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How to Tell the Percentage of Silver in a Teapot

Certain marks identify most silver tea pots.
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Silver is a soft metal, and when used in teapots and services, it is mixed with copper to form a harder, more durable alloy. The small amount of copper used in sterling silver pieces does not detract from its value as a silver teapot. Detraction only happens if the percentage of copper is too high, or if the teapot is being bought or sold as sterling silver when it is actually German silver or silver plated. Knowing the percentage of silver in your teapot gives you the true value of your silver piece.

Study the bottom of the teapot. Look for any letters, numbers or pictures that are stamped into the metal. Numbers may indicate the amount of silver while letters may indicate that the piece is sterling silver or German silver. Pictures are often found on European silver and tell the piece's origin, maker and year of production. Marks can also identify the piece as a fake, so it is important to know what these marks mean.

Determine the actual percentage of silver by noting any numbers. A teapot stamped with .925 or 9.25 contains the highest available percentage of silver. Out of 1,000 parts of pure silver, there are only 75 parts of copper.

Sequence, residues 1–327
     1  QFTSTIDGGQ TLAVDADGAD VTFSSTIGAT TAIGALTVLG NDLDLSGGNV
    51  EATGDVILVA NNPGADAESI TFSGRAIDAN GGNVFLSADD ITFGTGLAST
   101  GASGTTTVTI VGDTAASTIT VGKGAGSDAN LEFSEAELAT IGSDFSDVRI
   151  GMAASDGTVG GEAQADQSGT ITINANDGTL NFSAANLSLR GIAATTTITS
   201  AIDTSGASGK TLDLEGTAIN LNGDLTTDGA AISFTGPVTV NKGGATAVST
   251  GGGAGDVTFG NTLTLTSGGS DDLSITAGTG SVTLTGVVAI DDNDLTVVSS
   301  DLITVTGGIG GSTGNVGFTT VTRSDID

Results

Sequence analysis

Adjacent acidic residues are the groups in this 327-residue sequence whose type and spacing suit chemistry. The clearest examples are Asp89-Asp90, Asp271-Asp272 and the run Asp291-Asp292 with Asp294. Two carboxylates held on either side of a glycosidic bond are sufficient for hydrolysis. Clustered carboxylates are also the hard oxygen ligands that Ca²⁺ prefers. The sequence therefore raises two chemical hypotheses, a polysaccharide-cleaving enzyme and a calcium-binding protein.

Identify words or abbreviations stamped in the silver. Finding an S/S stamp means you are in possession of a true sterling silver piece. If this mark stands alone, you can be assured that your silver is .925 percent pure.

Look for hallmarks. A hallmark is a symbol used by European silversmiths and is usually stamped into pieces in a series that denotes the town, maker and year of creation. Pure British silver will bear the standing lion stamp, known as the “Lion Passant.” Scottish silver, which bears a thistle stamp, is very rare.


In the absence of any marks on the teapot, try sticking a magnet to it. Sterling is not magnetic. If the magnet sticks, you likely own a plated piece.

Take your teapot to a jeweler or antique dealer to have it appraised.


  • Do not be fooled by teapots containing “G/S”, “EPBM,” “EPWM,” “EPNS” or “EPC.” The first abbreviation is for German silver which contains no silver at all but is instead an alloy made up of various non-precious metals. The latter four indicate silver plate or electroplating that has little real value.
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